Mogollon Rim—Pine (Mile 460.6) to Flagstaff (Mile 573.2) Day 29-34

After crossing Highway 87 in Pine, the scenery went from rocky volcanic grades to a terrain of lush ponderosa forests. The wildlife has been remarkable as I have seen numerous herds of elk in this area. The foxes are red as can be and the birdlife is downright therapeutic. Almost every morning the last week, I have woken up to the coyotes’ howl—their echoing shrill is like clockwork! This is world-class hiking and I get the trail almost entirely to myself. There are only two other thru-hikers I know of on trail at the moment. Missing the February and March “bubble” has its benefits. Although a late start (May) means less of a hiking community, the solitude and feeling of remoteness is intensified.

Heading north out of Pine, I hiked up the Mogollon Rim (pronounced mug-ee-yun)—a jutting and defining geographic feature that cuts across northern Arizona. Hiking up the Mogollon Rim, I bumped into a couple named Jill and Jeremy who were trail angels and who just so happened to be day-hiking the Rim. They were a sweet set and had offered me accommodation back in Pine. Just south of the Rim I saw some fresh bear tracks but unfortunately have not seen any of those cuddly big boys.

Arriving in Mormon Lake, a small village and popular RV camp spot, I took a coin-operated shower (12 quarters buys about ten hot minutes) and then did some coin laundry. I was also able to resupply in the snack shop and drink a throat-cooling beverage. The trail angel Shannon and her hiking dog Graham came up from Pine and hiked with me out of Mormon Lake, which made great company. North of Mormon Lake, I followed a long-abandoned lumber railroad. Since I love history, this was a real treat and made for a pleasant evening walk.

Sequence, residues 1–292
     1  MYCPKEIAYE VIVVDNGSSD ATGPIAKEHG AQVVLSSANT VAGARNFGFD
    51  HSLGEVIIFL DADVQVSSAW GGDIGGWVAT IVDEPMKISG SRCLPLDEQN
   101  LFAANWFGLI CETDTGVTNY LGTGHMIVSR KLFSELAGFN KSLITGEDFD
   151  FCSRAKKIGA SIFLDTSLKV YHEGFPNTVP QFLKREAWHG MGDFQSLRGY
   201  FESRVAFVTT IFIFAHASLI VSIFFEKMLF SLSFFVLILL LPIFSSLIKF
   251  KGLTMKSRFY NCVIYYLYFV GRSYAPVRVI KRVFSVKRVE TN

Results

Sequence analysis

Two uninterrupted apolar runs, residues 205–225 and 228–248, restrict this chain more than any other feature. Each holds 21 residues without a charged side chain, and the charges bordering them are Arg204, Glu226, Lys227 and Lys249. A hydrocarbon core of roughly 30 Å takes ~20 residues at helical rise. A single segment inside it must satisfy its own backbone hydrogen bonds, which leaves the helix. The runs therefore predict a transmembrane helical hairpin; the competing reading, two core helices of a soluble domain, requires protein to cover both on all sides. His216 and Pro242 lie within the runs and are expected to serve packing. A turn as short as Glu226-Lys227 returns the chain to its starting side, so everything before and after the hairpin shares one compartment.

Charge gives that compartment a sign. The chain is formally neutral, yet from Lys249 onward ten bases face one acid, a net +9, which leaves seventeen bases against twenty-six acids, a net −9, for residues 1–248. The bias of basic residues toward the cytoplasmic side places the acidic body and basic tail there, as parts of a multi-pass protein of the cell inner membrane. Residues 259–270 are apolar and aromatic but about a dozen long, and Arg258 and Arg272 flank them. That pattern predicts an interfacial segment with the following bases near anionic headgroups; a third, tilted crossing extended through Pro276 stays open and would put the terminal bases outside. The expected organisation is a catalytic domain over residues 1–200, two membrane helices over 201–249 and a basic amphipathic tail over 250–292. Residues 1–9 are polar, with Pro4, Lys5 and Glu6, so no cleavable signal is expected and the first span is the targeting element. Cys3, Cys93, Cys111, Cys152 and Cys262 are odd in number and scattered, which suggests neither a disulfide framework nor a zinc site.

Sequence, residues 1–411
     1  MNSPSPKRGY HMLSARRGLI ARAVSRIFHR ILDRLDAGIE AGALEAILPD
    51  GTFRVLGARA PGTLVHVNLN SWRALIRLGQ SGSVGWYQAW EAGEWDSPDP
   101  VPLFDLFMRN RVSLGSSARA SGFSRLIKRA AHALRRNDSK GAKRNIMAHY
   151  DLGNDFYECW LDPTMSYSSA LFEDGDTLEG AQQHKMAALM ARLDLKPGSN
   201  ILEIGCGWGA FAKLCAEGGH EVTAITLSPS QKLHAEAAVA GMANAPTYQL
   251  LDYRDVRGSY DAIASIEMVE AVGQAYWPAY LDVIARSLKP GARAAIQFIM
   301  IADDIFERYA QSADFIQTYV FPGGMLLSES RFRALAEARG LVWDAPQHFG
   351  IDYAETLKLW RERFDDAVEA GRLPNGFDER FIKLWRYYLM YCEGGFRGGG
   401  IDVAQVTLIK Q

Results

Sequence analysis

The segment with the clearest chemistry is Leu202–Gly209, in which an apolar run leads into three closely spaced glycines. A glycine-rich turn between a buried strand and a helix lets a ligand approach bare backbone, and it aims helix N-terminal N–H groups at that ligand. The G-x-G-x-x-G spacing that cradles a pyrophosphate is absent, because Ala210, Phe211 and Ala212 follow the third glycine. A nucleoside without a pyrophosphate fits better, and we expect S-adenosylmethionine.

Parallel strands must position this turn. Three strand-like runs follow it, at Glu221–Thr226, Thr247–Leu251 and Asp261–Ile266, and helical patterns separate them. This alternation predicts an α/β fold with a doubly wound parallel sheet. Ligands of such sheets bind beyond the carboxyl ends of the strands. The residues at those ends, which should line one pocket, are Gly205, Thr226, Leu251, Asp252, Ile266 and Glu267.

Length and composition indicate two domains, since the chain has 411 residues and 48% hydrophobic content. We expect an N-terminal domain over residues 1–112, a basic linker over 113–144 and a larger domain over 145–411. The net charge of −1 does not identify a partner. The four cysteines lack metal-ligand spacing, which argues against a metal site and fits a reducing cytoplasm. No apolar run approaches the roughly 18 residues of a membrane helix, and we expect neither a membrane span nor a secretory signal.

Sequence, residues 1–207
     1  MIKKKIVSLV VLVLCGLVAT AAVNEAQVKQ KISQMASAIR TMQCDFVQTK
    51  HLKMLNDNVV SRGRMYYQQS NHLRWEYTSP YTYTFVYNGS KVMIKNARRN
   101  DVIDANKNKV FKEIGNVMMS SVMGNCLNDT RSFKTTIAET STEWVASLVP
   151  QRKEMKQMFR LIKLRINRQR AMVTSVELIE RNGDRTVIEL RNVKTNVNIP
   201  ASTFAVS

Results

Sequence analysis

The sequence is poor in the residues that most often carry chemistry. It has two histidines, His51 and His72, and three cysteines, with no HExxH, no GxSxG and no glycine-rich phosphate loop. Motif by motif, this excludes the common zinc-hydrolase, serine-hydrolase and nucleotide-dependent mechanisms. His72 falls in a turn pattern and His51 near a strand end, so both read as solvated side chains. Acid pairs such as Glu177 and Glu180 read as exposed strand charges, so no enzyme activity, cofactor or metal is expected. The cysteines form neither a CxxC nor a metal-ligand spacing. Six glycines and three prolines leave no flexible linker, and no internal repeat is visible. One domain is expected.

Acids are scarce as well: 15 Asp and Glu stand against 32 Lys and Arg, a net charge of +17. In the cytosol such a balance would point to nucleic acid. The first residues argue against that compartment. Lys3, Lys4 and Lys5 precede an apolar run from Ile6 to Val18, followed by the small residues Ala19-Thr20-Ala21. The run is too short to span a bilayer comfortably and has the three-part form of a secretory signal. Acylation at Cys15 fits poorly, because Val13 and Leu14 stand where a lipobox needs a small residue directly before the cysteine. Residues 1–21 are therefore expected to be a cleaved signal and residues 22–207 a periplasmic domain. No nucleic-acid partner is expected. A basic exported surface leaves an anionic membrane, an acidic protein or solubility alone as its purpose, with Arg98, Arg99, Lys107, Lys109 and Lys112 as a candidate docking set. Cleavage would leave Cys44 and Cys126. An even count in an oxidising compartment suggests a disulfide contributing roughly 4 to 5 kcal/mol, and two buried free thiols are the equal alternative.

All in all, northern Arizona has been much easier on the legs than the southern portion of the state. The climbs have gotten easier and the terrain more forgiveable. Sleeping on pine needles is always better than those little sharp rocks that penetrate through a tent’s groundsheet (and pop a hole in your air pad!)

Now I’m in Flagstaff taking a zero at a trail angel’s house (Cathy and Tim). Their house backs up to the Coconino National Forest and they basically have the Arizona Trail in their front yard! After a “hiker-helping” of fajitas at Agave Mexican Restaurant, I resupplied at Fry’s and am now all set for my next leg toward the South Rim of the Grand Canyon. Excitement is definitely building—only about ten more hiking days to wrap up this Arizonan escapade.

573.2 hiked, 206.1 to Utah

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Basically, Mapshare is like watching a really slow reality show! Feel free to text-message me on my Garmin as I enjoy hearing from all of you.

—David Mizer “Outback”

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